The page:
DVD built-in obsolescence?

  Wilham 15:04 21 Jan 2004

We have had DVD write speeds of X1, X2, X2.4 and higher. I have been disappointed to find I cannot write to some of the new, cheap X4 write DVD media, even though my writer is less than 12 months old. No, not write at any speed.... and the brand of DVD writer doesn't come into it. The fastest of any I knew at purchase was X2.4. No doubt this advance of DVD write speed will continue as it did before with CD's.

I've searched in vain for an explanation of the non back-compatible write speed. So I'll put up a guess,... and be knocked down?

The increase in DVD write speed is done by increasing the disk rpm. This faster spin needs more energy of burn from the laser, which is achieved by changing it to one of shorter wavelength.
The coloured dyes associated with DVD's are only there in single-layer disks to filter out the longer wavelengths of older DVD writers to avoid malfunction. This explains why an earlier DVD writer cannot write X1 on a new X4 disk.

  SEASHANTY 15:25 21 Jan 2004

My standalone Panasonic DMR-E60 has no difficulty writing Verbatim DVD-R x2 and the Ritek DVD-R x4. I interchange them often.

  Wilham 15:39 21 Jan 2004

Thanks, useful. One or two quibbles...
The DMR-E60 is DVD ram and DVD-R and HD as well. Also it is not a PC drive machine, perhaps much more powerful?
It throws doubt on my explanation, though.

  Wilham 15:53 21 Jan 2004

Just thought... Your DMR-E60 is not so old. Is it X4 write speed?

  rickf 16:00 21 Jan 2004

I have the Philips 1st generation DVD Rewriter 1208 which writes 2.5 max and have flashed the firmware with their download and it now happily burns 4x discs.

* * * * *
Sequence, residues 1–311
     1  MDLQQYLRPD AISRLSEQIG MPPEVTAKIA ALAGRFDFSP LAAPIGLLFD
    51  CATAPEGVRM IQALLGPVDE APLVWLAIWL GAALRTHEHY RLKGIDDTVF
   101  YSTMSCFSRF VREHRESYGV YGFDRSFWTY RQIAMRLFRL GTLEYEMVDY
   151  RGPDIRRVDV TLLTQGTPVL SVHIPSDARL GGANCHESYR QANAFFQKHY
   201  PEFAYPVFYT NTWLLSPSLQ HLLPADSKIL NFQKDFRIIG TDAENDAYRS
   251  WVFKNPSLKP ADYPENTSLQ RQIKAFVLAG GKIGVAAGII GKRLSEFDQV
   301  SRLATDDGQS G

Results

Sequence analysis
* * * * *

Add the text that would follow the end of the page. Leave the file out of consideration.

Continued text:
Wilham 16:26 21 Jan 2004

In effect an update solution? This stumps me.

Curious a 1st generation Rewriter is not X1

  Stuartli 17:29 21 Jan 2004

x4 rewriters have not been out all that long and the incoming x8 is only just beginning to get moving; very similar to CD-ROM drives.

Remember the original CD players and associated technology were conceived around x1 music disks by Philips and Sony, who collaborated in the project; Philips had realised its 12in LaserDisc system offered a fascinating alternative to its Compact Cassette invention in the form of a sound only version.

Today's DVD rewriters also have to burn far more information onto a disk.

  SEASHANTY 11:26 22 Jan 2004

Regards the DMR-E60. I haven't found anywhere in the manual where it says what speed DVD-R discs it takes. Started off using the Verbatim x2 speed then obtained a pack of 100 Ritek x4 (mainly for use with the Pioneer 105). It dioes say on the Ritek pack to make sure that your drive firmware has been updated to use the x4 speed discs. Just stuck one in the Panasonic E60 to see if it worked and it did so have
used them since with no probs. Have no idea what firmware version this machine is. It works OK with x2 and x4 so that's fine.Have had this machine around 4 months now so as you state it is fairly new.

  SEASHANTY 11:42 22 Jan 2004

There is a partial list of what DVD recordable discs play on which machines at dvdrhelp here
click here

  Wilham 16:06 22 Jan 2004

SEASHANTY: Useful reference, thanks.

I can see the need for dye(s) on a single sided dual layer disk, but what is it used for in a single layer DVD, if not as I guessed?

I've been sent an ad for an Iomega Super DVD Writer, it writes all three...ram(X3), -R(X4), and +R(X4). £168 inc vat. Only one I've seen that does this,.. and pricey.

  Wilham 16:15 22 Jan 2004

When you put a Ritek X4 in your E60 have you tried to write on it with Ram ? I've seen one Ritek that can be used on either, perhaps needing a pre format?

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